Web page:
I felt that if I couldn’t do it in the present, suggesting internal pain by performance, then I wouldn’t really want to do it at all. [http://amitc.org/screenplay.html Screenplay] at amitc.org, URL accessed 8 August 2008]

Funding for the film was scarce, and it eventually fell to two television companies to finance the film: Euston Films (a subsidiary of Thames Television) and Channel Four Films, who had had some success with low budget features such as "My Beautiful Laundrette".

To compensate for the lack of budget, a very tight shooting schedule was planned over 28 days, during which Kenneth Branagh was only available for two weeks and was performing on-stage nightly in London. [cite book | last=Branagh | first=Kenneth | title=Beginning | year=1990 | publisher=W W Norton & Co Inc | location=New York| isbn=0393028623]

Despite being set in Yorkshire, the majority of location filming was moved to Buckinghamshire, although Levisham railway station in North Yorkshire was utilised. [ [http://www.imdb.com/title/tt0093562/locations Locations] at the Internet Movie Database, URL accessed 22 July 2008] The location shooting of the film began on August 18, 1986 at St. Mary's church in Radnage. [" [http://ftvdb.bfi.org.uk/sift/title/287069 A Month in the Country] " at the British Film Institute, URL accessed 22 July 2008] Filming was periodically hindered by inclement weather - the perfect summer in which the book was set was not forthcoming, and scenes were filmed during breaks in heavy rain. Interiors were shot at Bray Studios in Berkshire.

The church, which is a main location for the film, was substantially set-dressed. Despite having several original medieval wall paintings, the largest addition was the creation of the medieval mural by artist Margot Noyes. To create the impression of an austere country church, Victorian stone flags were replaced with brick pavers for the duration of filming and the original wall paintings covered up. Plastic guttering and other modern additions were covered up or removed. [http://www.amitc.org/filming/Radnage.html Location filming] at amitc.org, URL accessed 6 August 2008] The churchyard had several gravestones added, including the large box tomb which is a focus of several scenes." [http://www.churchtimes.co.uk/content.asp?id=46416 Old way of being church] " in the "Church Times", Issue 7546 - 26 October, 2007]

Several members of the local community were used as extras in the film, and local children were recruited by the director to collect butterflies to be released out-of-shot to create a "summer feeling". However there was some opposition to the disruption caused by the filming, and also problems involving unwelcome damage to a section of the interior plasterwork, which had to be restored after filming had concluded. [ [http://www.amitc.org/filming/RogerGuidery.html Location filming] at amitc.org, URL accessed 6 August 2008]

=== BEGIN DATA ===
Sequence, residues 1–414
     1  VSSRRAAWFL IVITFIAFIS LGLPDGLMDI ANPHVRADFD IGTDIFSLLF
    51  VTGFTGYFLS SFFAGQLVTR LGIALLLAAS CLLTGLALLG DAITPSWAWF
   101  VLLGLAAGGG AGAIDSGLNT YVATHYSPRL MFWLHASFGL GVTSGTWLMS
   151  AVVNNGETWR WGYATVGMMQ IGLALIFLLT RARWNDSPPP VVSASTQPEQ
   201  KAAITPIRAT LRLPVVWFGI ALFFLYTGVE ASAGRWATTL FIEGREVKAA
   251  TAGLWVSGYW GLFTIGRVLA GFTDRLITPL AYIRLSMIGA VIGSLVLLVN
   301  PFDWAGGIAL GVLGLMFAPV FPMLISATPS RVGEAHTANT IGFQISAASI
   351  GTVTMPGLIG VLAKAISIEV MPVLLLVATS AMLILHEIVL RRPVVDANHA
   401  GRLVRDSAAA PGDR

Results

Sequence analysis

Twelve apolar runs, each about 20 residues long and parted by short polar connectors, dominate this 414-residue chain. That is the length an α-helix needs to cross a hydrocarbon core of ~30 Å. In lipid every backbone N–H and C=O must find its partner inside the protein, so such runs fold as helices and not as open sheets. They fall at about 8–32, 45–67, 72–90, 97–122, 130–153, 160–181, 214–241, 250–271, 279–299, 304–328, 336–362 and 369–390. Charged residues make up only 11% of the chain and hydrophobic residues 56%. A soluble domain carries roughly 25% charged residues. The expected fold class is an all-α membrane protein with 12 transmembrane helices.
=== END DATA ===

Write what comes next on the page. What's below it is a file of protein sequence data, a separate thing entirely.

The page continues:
Music

The soundtrack of the film was written by Howard Blake, and is scored entirely for string orchestra in the style of early 20th Century British music. Blake notes that the style chosen was intended to compliment and contrast recordings of classical music during particular scenes: Verdi's "Quattro Pezzi Sacri" was used during the uncovering of the mediaeval mural and a flashback montage of the First World War which opened the film utilised an excerpt from Schubert's "Mass in E flat".

Howard Blake recalls: "I went to a viewing and saw that the film was very profound, with a serious anti-war theme, but a certain amount of 'found' choral music had already been laid in by the editors...I explained that I loved the film and I thought the choral/orchestral music worked brilliantly but it was very big and rich and I felt a score would have to emerge from it and be very pure and expressive and quite small — and that I could only hear this in my head as done by strings only." [http://amitc.org/filmscore/score.html Score] at amitc.org, URL accessed 31 July 2008] Blake decided to compose his score to match the key of the Schubert "Mass", in order for the music to continue seamlessly. However, during the recording session with his orchestra, the Sinfonia of London, he found that the Schubert piece was running slow and therefore flat, and he had to ask the players to tune flat to match his intended key. [http://www.howardblake.com/music/Film-TV-Scores/608/A-MONTH-IN-THE-COUNTRY.htm Howard Blake Official Website] , URL accessed 22 July 2008]